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Expat to Repat: 'Buffalonians really look out for each other,' young lawyer says

As an adolescent, Jessica Smith had to write an essay when she applied for a scholarship to attend Nichols School. It was the first time she successfully pleaded a case, but it wouldn't be the last.

Smith, 31, headed off to St. Lawrence University and achieved her bachelor’s degree in government in 2007. She toyed with the idea of law school, something that would allow her to use her talents to the best of her ability.

“I moved back to Buffalo for a few years to try and figure out if I really wanted to give it a try,” Smith said. “I got a taste of the legal profession by taking a few paralegal jobs just to be around the law. And I liked it.”

In 2010, instead of going to the University at Buffalo, Smith surprised her family and friends when she opted for Barry University Law School in Florida. She said she wanted to “try on a different pair of shoes” and see how they fit after having lived in New York for her entire life. She wanted to get out of her comfort zone.

Before law school, Smith confessed to being an extremely shy person. She didn’t like public speaking or talking to people she didn’t know. That changed after law school, thanks to all the public speaking and networking she had to do, as well as a semester abroad in Spain. Smith became more outgoing, open and adventurous. After passing the Florida bar exam, she headed to Washington, D.C., in January 2014 without any job prospects or money in the bank. Less than a month later, she landed a job with the Internal Revenue Service as a legal analyst in the criminal investigation department.

Jessica Smith at the Taste of Buffalo.


Name: Jessica Smith
Age: 31
Current location: Downtown Buffalo
Previous locations: Florida and Washington, D.C.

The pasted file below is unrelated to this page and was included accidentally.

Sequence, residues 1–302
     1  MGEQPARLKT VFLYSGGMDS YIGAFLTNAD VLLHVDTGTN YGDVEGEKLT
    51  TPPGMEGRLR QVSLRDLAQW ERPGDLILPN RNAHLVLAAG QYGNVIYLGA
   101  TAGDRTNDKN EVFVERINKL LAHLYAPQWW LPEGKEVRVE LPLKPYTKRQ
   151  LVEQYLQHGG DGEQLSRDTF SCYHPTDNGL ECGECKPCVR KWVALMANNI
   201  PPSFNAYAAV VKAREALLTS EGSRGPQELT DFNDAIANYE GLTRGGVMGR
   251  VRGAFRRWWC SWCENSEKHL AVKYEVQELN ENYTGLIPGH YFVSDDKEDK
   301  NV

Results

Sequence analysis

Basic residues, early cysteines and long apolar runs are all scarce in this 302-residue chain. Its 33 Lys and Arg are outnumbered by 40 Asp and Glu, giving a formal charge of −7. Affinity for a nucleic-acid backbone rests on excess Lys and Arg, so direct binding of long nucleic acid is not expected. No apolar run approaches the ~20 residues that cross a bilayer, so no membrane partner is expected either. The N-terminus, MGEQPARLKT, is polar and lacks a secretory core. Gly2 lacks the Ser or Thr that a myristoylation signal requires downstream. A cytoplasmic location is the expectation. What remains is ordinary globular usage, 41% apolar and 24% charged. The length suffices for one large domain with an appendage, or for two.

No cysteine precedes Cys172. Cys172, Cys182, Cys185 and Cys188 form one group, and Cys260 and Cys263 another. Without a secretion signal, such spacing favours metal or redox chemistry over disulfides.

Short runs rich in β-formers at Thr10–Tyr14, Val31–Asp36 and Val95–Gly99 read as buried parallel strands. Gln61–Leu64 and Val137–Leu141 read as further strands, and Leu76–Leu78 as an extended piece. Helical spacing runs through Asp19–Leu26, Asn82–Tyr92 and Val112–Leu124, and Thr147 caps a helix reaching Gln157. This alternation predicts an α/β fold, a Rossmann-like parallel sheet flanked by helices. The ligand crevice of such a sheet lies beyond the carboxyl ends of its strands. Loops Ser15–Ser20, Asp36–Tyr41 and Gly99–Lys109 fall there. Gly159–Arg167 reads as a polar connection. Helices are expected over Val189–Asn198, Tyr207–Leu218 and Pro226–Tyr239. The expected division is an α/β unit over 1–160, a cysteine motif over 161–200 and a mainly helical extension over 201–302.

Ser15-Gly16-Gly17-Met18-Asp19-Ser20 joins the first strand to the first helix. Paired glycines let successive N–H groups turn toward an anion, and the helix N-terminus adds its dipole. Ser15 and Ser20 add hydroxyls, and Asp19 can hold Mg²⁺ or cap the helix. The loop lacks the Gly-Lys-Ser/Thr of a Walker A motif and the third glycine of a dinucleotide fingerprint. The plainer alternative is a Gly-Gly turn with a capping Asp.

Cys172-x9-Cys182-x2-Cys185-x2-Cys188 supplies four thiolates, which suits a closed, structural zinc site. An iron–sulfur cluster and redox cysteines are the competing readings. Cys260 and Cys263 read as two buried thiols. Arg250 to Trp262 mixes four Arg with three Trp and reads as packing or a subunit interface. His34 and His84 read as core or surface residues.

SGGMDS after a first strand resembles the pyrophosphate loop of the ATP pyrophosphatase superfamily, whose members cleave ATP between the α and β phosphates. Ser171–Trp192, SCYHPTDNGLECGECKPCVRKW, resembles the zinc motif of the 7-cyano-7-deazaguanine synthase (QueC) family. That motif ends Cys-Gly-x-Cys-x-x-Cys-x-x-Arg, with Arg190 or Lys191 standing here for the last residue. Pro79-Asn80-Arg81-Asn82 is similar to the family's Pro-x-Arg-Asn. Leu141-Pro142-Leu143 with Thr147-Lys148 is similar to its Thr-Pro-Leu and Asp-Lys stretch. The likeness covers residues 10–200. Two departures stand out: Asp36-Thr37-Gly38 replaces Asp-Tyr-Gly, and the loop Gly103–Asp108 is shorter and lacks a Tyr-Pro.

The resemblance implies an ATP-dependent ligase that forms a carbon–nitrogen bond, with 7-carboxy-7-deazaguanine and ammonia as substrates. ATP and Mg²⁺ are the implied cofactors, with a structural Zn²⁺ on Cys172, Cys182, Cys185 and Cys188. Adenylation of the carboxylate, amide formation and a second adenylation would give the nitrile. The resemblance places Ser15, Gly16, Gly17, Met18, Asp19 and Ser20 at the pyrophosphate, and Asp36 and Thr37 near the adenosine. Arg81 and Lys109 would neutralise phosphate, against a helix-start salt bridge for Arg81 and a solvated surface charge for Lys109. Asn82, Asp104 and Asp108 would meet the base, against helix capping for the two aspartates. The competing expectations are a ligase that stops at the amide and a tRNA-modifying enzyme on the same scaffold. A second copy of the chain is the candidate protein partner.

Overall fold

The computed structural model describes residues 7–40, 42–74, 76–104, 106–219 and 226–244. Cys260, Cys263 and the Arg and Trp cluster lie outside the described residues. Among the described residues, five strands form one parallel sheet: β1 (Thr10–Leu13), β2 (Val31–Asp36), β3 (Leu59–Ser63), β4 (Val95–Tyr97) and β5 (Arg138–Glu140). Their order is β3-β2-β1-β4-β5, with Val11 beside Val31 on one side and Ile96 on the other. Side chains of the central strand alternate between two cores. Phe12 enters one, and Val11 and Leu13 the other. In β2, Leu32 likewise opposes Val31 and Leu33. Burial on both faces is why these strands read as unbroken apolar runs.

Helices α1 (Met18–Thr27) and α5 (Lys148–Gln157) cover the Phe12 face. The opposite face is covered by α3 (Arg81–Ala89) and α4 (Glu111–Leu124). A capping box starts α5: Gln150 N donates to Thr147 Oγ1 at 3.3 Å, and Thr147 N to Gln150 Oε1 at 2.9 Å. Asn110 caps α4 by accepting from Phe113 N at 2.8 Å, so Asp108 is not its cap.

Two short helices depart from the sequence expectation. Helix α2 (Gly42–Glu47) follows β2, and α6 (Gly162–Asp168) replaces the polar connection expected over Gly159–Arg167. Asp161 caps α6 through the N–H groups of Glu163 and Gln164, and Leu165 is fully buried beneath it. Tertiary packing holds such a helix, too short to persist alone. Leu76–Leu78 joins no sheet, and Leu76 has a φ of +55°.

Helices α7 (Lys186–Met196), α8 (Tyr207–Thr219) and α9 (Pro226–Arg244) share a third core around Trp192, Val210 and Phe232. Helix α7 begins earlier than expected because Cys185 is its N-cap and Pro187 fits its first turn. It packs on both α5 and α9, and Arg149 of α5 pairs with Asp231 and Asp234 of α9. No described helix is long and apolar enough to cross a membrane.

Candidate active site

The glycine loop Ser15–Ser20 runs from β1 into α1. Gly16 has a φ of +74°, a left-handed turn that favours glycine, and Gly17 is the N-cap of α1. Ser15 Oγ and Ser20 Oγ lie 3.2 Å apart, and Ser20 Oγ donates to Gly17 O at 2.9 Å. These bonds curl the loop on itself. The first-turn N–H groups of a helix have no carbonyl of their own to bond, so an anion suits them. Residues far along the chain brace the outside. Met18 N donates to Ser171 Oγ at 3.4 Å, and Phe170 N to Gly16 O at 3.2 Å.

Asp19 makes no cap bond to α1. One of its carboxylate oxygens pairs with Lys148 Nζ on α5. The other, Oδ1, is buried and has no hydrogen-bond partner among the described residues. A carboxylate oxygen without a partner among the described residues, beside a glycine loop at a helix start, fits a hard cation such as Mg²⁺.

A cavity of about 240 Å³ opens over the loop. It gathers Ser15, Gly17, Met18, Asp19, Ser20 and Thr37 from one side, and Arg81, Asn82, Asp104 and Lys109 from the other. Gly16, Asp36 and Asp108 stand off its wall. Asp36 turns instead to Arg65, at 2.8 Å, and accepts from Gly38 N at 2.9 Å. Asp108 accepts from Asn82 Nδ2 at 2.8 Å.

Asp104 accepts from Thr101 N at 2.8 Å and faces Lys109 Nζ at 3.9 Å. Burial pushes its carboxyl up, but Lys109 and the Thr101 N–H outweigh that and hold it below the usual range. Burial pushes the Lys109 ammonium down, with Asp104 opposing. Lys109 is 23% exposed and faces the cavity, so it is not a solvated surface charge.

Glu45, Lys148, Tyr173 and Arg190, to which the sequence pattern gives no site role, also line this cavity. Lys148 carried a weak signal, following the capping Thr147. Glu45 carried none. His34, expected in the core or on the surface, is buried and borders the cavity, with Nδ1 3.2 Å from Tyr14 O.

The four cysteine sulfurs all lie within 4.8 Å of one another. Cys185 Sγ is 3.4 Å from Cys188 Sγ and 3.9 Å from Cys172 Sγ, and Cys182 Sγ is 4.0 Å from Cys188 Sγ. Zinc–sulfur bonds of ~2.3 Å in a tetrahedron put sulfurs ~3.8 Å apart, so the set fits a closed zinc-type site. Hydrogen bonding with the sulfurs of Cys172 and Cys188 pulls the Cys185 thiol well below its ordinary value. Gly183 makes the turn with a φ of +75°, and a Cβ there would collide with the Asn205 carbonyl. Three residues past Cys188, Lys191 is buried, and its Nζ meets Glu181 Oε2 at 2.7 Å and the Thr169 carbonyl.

Loved most about Washington, D.C.: All of the events that were held on any given day
Loves most about Buffalo: All of the new breweries, restaurants and Canalside


“I love history. So, I loved being able to just walk around and visit places like the Washington Monument and the Lincoln Memorial. To see those types of things on a daily basis blew my mind. At the time, I didn’t feel the urge to go home or miss Buffalo in a way that made me want to move back.”

But after couple of months, Smith felt that her job wasn’t the best fit. She had gone to law school to become an attorney and “be in the trenches,” but at the IRS she was doing mostly compliance and analyst work. She wasn’t practicing law in the way she had hoped to be.

While she was in D.C., there was also a death in the family. “My father’s mother passed away. I had to scramble and figure out a way to get home quickly. I didn’t like that. I didn’t like being so far away when something like that happened. My family has always been very close, so I was also missing out on babies being born, birthdays, retirement parties and things like that. I didn’t like getting all the pictures on my phone while everyone else was there enjoying each other’s company face to face and having fun.”

Jessica Smith in Washington, D.C.

Smith ended up resigning from the IRS at the end of July 2015. By September 2015, she was back living with her parents and studying for the New York State bar exam, which she took in February 2016 and passed. She was hired in June by Neighborhood Legal Services – a legal organization that provides free services for people of low income and/or with disabilities.

“Before I found the job, I was working for the Community Foundation for Greater Buffalo,” Smith said. “It got me out of the house and interacting with people, and took my mind off whether or not I passed the bar. I also spent the time networking. That’s one of the things I love about Buffalo. Buffalonians really look out for each other. The job I have now wouldn’t have come up without networking because I wouldn’t have even known it existed.”

Things have come full circle for Smith. She now lives in an apartment near Delaware Park, across the street from Nichols. As for her job – she’s happy using her voice to advocate cases for other people.


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Expats to Repats: They traveled the world, but Buffalo is where they belonged

If you or anyone you know has a story to tell about moving back to Buffalo, or about moving away, email

Lyndsey D'Arcangelo is a freelance writer. Visit her website at or follow her on Twitter @darcangel21.

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